While the lack of lines in Fraser Hall during registration is the most visible result of widespread Internet use, University students are also creating a variety of their own World Wide Web sites.
For $10, students or staff members can upgrade their e-mail accounts to publish a Web site that could potentially reach thousands of people. More than 4,000 people have purchased this ability to create a Web site. The exact number of Web sites created by University students, staff and faculty is unavailable.
A search of University sites could turn up such novel entries as “Buddy the Gourd,” “Kris’s Court,” “Sings What?” “Eggs” and “Skydiving.” A disclaimer saying the content is not the opinion of the University appears on many Web sites — unless the creator has deleted it.
“Buddy the Gourd has a secret desire to be more popular than Mickey the Mouse,” reads the scrolling message at the bottom of the Web site dedicated to Buddy, a gourd with a green bottom and orange yellow top.
Further down the page is a song about a woman having her laundry stolen.
Another site shows a student’s portfolio of computer-generated three-dimensional insects.
One home page sums up the sentiment of most Web sites generated by University students: “This is something about me,” reads “Kris’s Court.”
Many students publish sites to tell the world about themselves.
“When I created my Web page in ’93 or ’94, it was a way to say ‘Here’s who I am,'” said Chris Bongaarts, a junior applications programmer for Academic and Distributed Computing Services. “It was an extrapolation of institutions and departments telling about themselves.”
However, University President Mark Yudof said students’ Web sites, which usually focus on their interests, also help them gain valuable experience they can bring into the work place.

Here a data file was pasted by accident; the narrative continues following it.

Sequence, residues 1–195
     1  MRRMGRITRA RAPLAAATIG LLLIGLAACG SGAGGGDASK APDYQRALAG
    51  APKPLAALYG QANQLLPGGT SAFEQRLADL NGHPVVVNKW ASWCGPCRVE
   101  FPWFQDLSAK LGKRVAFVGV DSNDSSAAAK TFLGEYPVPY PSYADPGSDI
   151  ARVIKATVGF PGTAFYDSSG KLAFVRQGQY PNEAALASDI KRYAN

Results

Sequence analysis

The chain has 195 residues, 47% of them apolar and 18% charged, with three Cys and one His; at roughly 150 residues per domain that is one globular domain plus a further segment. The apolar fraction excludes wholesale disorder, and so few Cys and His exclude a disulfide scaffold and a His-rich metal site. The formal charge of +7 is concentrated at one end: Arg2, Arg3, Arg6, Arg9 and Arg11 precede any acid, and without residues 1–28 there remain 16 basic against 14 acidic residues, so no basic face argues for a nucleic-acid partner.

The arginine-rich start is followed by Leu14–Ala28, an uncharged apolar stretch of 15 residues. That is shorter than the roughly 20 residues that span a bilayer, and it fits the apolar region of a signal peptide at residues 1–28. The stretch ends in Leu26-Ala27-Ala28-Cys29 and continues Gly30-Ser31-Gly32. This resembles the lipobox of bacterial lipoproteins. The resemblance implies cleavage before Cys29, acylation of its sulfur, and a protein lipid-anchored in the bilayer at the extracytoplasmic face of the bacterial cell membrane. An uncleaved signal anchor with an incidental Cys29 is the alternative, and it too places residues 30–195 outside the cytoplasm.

“I have heard of agencies saying that they do not only want you to build an account, but also maintain a Web site,” Yudof said.
Jorge Gomez, a junior in the College of Human Ecology who also edits the online magazine “Skeptic Industries,” which focuses on in-line skating, agrees.
“I think doing your own Web site gives you experience,” Gomez said. “You learn a lot and also get your name out there.”
Gomez hopes to someday make a living off his online magazine.
“We are getting bigger and bigger,” he said. “Right now we are the second largest in-line magazine on the Web.” Since December, the site has gotten about 10,000 hits.
Gomez said although he would like to publish a paper version of the magazine to make it accessible to more people, the “cash thing” makes it impossible.
“We can all be published,” said Al Tims, director of the School of Journalism and Mass Communication. “It is going to have a huge impact on opportunities for our students.”
Bongaart said critical thinking skills have become more and more important with the propagation of Web sites. “You can’t take them all at face value,” he added.
The ability to publish magazines on the Web also affects classes. During the last week of classes, a magazine production class put the finishing touches on the first online magazine produced by a class.
The Web site, called “Resonance,” will look into Minnesota music and local bands.
Although no directory to University Web sites exists, it’s possible to find sites that reside in University storage space by using a search engine like Netscape and typing ~www.tc.umn.edu/~~. An advanced search combining the URL with a subject can dig up more specific subjects.